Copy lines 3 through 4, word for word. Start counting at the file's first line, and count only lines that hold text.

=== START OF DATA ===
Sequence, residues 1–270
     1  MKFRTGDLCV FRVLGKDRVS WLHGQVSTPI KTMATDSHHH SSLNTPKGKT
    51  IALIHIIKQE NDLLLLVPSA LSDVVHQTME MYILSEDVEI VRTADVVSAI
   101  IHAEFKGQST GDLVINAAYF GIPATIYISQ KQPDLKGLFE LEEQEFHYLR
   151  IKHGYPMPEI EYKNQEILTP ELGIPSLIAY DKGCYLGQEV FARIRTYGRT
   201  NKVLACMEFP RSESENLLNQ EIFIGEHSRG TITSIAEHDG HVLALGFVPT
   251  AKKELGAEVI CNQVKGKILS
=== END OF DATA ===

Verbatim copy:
    51  IALIHIIKQE NDLLLLVPSA LSDVVHQTME MYILSEDVEI VRTADVVSAI
   101  IHAEFKGQST GDLVINAAYF GIPATIYISQ KQPDLKGLFE LEEQEFHYLR